links for 2010-08-10
Andrew Hall: Robert E. Lee's Civil War Army of Northern Virginia as a Slave-Raiding Enterprise

Department of "Huh?!": I Think David Leonhardt May Have Gotten One Wrong

The excellent, hard-working, and intelligent David Leonhardt writes:

or Those With Jobs, a Recession With Some Benefits - NYTimes.com: One of the distinctive features of the Great Recession has been the enormous number of people who have been out of work for months on end. Almost 45 percent of today’s unemployed workers have been without a job for at least 27 weeks. In no other downturn since World War II did the share exceed 26 percent. For many of these long-term unemployed, the financial and psychological damage will last for years. For most other workers, however, the situation has had a perverse, and mostly overlooked, silver lining. Unemployment has been concentrated among a surprisingly small number of people, given how deep the recession has been. The nation’s pool of jobless workers has not been constantly changing. Instead, it’s been relatively stable — mostly because the hiring rate of new workers plunged in 2008 and still has not recovered. The drop in hiring has actually been steeper than the rise in layoffs.

Compare the current slump with that of the early 1980s, which was similar in severity. Over the course of 1980, 18.1 percent of the labor force was unemployed at some point. In 2008, the first year of this slump, only 13.2 percent was, according to the Labor Department’s most up-to-date data. That number surely rose in 2009, but it is unlikely to have come close to the 1982 peak of 22 percent...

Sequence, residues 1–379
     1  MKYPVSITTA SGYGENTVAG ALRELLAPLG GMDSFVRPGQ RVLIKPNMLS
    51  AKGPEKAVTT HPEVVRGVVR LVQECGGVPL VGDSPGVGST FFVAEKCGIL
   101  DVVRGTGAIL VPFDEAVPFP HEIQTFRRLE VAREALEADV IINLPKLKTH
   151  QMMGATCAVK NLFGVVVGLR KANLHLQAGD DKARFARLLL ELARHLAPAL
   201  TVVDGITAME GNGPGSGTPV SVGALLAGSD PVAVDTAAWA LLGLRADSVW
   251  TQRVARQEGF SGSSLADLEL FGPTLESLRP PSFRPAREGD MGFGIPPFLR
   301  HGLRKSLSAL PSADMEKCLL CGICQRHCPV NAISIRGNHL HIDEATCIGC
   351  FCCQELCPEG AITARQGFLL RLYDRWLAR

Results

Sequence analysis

Wait a minute.

Unemployment in 1980 averaged 7.2%--and affected 18.1% of the labor force. Unemployment in 1982 averaged 9.7%--and affected 22% of the labor force Unemployment in 2008 averaged 5.8%--and affected 13.2% of the labor force. In those three cases the total number of those affected by unemployment at some time during the year was 2.3, 2.5, and 2.3 times the average unemployment rate.

In 2010 the unemployment rate will average 9.5% of the labor force, and 2.3 times that will be... 22% of the labor force.

And, as Bob Reich pointed out at coffee at Brewed Awakening yesterday afternoon, there are many more two-earner households than there were in 1982: the share of households affected by an unemployment spell is thus likely to be significantly higher than it was back in 1982.

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